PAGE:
|image courtesy of Jennifer Graylock/INFphoto.com|
Religion tends to reemerge in the unlikeliest places. Today, at least in America, the newest and brashest religions hover—rather obsessively, in fact—around various permutations of personal “identity.” For many, whether they realize it or not, “identity” is the new God. Tim Keller, the well-known author and pastor of New York City’s Redeemer Presbyterian Church, puts it this way: “Our need for worth is so powerful that whatever we base our identity and value on we essentially ‘deify.’ We will look to it with all the passion and intensity of worship and devotion, even if we think of ourselves as highly irreligious.”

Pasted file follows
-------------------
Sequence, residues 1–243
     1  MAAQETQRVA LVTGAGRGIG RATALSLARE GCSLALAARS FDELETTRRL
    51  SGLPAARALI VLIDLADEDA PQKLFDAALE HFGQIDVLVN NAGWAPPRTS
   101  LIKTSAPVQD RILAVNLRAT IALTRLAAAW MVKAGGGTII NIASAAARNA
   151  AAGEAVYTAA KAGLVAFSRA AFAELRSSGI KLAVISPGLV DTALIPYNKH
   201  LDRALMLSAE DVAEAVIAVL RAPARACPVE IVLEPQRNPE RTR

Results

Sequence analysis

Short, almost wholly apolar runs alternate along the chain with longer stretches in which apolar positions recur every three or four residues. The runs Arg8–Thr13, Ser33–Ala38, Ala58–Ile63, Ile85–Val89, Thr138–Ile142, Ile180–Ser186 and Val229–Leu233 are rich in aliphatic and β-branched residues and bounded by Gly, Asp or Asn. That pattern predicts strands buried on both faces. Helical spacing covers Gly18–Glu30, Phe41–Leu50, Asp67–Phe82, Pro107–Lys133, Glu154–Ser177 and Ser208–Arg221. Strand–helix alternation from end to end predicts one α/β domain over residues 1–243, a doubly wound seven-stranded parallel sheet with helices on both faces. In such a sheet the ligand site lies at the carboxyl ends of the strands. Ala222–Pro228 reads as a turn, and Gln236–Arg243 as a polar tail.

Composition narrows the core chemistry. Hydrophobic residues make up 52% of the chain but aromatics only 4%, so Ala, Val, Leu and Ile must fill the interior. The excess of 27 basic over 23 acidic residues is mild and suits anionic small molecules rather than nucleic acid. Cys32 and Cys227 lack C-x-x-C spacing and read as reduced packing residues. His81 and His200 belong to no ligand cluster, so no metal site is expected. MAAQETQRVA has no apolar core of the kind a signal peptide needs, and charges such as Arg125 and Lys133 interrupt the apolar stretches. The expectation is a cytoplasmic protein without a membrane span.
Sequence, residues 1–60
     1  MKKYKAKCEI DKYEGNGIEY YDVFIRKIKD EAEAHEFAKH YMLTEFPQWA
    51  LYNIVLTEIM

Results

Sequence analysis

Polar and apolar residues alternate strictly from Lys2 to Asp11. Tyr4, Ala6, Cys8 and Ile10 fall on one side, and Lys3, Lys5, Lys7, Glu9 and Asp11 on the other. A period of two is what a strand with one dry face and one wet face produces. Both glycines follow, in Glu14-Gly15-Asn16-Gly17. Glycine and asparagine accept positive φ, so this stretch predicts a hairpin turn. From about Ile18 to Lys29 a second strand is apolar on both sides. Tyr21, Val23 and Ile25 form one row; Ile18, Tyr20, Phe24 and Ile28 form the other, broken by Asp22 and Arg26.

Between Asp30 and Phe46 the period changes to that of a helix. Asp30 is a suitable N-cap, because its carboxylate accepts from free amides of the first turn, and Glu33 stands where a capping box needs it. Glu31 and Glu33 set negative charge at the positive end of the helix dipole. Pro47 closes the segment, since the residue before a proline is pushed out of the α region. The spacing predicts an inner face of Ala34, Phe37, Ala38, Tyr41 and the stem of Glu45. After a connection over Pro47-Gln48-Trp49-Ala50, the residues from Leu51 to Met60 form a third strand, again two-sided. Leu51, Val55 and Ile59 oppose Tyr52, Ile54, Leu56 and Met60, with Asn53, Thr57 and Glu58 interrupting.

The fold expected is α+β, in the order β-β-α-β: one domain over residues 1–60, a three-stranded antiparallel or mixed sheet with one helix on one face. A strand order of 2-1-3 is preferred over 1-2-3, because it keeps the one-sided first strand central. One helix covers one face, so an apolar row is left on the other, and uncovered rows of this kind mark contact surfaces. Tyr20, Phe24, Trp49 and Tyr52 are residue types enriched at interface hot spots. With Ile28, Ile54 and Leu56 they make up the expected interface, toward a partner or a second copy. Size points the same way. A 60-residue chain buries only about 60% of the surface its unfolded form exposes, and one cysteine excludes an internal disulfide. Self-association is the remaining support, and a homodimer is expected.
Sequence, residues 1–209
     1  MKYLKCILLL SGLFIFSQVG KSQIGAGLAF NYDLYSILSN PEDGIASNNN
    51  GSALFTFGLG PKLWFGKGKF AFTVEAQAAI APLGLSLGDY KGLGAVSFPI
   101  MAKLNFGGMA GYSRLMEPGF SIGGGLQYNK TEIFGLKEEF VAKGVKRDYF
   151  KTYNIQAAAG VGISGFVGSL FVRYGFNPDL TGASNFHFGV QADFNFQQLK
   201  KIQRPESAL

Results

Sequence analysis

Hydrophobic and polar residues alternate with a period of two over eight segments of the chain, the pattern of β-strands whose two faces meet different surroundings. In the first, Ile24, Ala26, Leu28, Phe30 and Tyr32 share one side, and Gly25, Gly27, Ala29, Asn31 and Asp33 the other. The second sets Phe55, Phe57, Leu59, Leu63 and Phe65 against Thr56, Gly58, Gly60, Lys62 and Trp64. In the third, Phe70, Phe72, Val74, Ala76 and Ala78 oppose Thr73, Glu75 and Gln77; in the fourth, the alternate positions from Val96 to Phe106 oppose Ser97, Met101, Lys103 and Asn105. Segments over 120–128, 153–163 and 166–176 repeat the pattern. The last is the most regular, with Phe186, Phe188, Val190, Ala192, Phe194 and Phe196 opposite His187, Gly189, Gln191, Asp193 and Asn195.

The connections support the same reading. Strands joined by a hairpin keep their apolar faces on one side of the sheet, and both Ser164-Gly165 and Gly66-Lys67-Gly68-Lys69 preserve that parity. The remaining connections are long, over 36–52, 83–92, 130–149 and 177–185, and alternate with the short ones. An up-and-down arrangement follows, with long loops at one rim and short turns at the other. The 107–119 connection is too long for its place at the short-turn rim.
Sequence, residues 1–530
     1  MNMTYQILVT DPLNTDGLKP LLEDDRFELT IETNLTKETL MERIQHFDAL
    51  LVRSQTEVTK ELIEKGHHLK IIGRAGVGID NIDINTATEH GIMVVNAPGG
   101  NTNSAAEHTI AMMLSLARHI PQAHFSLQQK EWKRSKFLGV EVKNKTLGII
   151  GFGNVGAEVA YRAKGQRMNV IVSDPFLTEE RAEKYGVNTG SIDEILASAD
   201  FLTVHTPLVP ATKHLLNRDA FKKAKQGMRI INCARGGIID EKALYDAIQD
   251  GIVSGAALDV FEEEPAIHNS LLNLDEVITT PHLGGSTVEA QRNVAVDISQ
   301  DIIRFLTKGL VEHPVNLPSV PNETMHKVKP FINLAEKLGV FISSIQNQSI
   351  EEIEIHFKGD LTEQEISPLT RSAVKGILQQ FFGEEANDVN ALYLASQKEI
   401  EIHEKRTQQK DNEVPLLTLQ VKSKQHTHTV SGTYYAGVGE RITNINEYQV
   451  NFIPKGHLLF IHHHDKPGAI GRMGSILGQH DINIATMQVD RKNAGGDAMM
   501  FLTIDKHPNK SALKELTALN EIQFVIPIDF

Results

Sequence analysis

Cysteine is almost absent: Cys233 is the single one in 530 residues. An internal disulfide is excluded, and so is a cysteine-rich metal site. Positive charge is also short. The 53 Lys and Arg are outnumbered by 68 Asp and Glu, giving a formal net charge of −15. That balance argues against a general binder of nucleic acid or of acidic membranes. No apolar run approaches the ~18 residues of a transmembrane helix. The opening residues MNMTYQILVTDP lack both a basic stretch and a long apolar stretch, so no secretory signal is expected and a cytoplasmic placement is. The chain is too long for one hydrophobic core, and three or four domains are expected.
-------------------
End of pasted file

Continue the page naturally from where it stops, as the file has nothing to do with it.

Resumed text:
Over the past few months, with impressive swiftness, our nation’s growing identity-based religious fervor has risen in one particular form: ardent, impassioned, unquestioning transgender boosterism. In late May, Time magazine announced America’s “Transgender Tipping Point,” featuring formerly male television star Laverne Cox. Time’s article spurred a flurry of giddy media responses; meanwhile, at gay pride events across the nation, “newer, edgier, and angrier” TransPride rallies, as described by the Seattle Post-Intelligencer, often stole the show.
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